“I still remember, I was down with chicken pox and my mom would tell me stories. But, The Ramayana was too goody-goody for me and I would want my mom to narrate only The Mahabharata,” — Sunandha Raghunathan was 11 when she was introduced to the epic.
Her new production that combines kattaikoothu and English theatre, titled Bad Hindu, speaks of Arjuna’s son, Aravan’s sacrifice.
“I am so fascinated by how relevant The Mahabharatha is today,” she says.
Bad Hindu. In these times of extreme intolerance, this particular title is enough to spark questions and controversies. At the same time, it doesn’t fail to intrigue. Sunandha, however, arrived at this title by solely following the narrative. The writer-director and performer of this kattaikoothu inspired one-act play, believes that the spiritual goal of every Hindu is to merge the individual consciousness with the universal consciousness — to attain salvation.
“Since the form of this show is in such a way that at the end of every section, there’s a reset, my goal mimics a Hindu’s goal. And it ends up with me having to be reborn over and over. Hence, the character is sinning, and is a Bad Hindu,” says Sunandha who worked on this piece while pursuing a Master’s degree in Theatre in London.
The layered play has Sunandha in the role of a kattaikoothu storyteller who welcomes the audience to a performance centered around the story of Aravan’s sacrifice from The Mahabharata. But someone unexpected interrupts the storyteller’s narration. What ensues after, raises questions on the nature of identity and its construction.
“I chose the kattaikoothu performance of Aravan Kalabali and I used the story that features in the performance as the narrative,” explains Sunandha adding, “Since my play is about identity and how it is a constructed idea that is also performative — meaning, you perform your identity for others — the need was to juxtapose it with something timeless.”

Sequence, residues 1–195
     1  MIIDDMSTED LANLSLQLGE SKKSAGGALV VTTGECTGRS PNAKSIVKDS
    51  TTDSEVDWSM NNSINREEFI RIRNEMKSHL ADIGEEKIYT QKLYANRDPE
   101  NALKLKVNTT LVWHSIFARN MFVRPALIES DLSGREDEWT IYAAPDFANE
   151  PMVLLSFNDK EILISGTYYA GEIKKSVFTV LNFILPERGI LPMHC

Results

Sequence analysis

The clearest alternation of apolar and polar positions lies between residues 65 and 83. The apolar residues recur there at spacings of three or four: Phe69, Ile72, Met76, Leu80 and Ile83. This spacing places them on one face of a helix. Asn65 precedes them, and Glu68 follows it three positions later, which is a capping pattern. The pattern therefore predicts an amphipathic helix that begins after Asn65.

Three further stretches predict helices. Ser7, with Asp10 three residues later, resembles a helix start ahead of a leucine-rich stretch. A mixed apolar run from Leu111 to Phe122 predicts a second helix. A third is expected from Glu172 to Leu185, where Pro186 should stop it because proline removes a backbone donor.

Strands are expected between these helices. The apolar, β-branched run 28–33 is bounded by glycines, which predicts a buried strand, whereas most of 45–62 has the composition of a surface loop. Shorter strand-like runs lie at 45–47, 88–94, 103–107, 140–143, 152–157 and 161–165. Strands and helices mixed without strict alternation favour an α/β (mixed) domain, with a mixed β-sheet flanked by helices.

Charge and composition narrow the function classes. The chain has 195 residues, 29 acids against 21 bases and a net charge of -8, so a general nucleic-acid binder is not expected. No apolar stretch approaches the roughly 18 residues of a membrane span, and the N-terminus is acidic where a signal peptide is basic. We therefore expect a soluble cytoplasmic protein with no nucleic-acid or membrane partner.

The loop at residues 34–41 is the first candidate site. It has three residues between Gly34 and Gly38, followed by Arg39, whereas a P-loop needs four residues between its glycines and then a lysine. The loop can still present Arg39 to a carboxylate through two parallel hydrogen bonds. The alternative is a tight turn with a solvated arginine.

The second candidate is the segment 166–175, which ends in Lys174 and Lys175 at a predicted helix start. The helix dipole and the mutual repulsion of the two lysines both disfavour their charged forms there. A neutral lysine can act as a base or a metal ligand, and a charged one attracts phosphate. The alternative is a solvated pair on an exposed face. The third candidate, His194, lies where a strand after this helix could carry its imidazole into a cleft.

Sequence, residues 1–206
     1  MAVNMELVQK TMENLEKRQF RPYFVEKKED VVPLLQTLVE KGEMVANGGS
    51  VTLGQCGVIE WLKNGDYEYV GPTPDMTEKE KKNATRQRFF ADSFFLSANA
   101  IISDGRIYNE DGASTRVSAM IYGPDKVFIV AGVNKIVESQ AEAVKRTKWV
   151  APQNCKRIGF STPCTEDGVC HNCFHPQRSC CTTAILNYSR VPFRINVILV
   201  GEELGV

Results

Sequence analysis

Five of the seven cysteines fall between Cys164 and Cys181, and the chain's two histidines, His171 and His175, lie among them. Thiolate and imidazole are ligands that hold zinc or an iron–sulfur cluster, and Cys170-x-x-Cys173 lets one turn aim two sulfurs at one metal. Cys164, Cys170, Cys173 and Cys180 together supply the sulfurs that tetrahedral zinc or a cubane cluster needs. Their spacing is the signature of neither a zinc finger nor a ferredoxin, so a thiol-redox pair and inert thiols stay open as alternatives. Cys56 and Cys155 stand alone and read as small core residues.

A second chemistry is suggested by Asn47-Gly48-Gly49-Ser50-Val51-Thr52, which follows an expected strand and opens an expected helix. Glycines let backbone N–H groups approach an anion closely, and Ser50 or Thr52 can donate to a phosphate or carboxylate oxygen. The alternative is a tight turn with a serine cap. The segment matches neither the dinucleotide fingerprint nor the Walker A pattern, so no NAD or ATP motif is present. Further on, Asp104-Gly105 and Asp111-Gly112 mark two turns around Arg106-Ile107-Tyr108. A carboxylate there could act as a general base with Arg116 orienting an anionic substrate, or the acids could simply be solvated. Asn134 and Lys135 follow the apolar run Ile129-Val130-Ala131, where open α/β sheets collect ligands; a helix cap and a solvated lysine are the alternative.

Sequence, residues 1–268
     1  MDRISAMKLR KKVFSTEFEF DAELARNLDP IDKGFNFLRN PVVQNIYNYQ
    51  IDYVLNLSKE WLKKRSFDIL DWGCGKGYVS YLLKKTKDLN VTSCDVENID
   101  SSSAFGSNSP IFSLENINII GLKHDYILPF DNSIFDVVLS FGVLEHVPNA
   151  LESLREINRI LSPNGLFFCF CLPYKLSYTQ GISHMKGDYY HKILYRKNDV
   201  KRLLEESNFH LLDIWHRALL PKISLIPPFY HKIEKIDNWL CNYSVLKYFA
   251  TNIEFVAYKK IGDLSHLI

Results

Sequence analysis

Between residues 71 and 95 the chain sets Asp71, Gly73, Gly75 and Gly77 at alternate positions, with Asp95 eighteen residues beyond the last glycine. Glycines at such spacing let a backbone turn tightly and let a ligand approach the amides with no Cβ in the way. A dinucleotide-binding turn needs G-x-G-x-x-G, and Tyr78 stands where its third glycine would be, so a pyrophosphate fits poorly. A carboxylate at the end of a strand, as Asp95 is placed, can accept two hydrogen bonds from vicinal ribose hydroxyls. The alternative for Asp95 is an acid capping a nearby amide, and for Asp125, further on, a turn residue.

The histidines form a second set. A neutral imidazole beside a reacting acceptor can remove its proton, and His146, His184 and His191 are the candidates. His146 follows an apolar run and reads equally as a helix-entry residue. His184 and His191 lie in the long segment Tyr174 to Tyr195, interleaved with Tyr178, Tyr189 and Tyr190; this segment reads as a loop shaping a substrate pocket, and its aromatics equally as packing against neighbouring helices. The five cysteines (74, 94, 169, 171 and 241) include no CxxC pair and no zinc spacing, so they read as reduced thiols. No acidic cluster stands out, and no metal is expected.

The content, which is largely autobiographical and thereby contemporary, thus gains a mythological twist. The character of Aravan is the perfect vehicle to carry this ambiguous concept of identity, says the director.
“Aravan was not a transgender character. He is a male character but somehow he is assimilated into the transgender community and later becomes their god,” she observes.
Sunandha, during the inception of the play, wanted to experiment with form and kattaikoothu seemed a perfect fit.
“I met Thilagavathi Palani, the kattaikoothu exponent and watched her night-long performance. Then I trained with her, sort of picked elements needed for the show,” says Sunandha who is fascinated by the extraordinary dramaturgy present in the art form even though, singing and dancing form an integral part.
Bad Hindu also has elements of music and choreography woven into the story.
“Since the speaking portions are in English, all the songs are in Tamil and they are lifted from the Aravan Kalabali,” explains the director.
This article originally appeared in The Hindu on November 22, 2018, and has been reposted with permission.
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This post was written by Gowri S.
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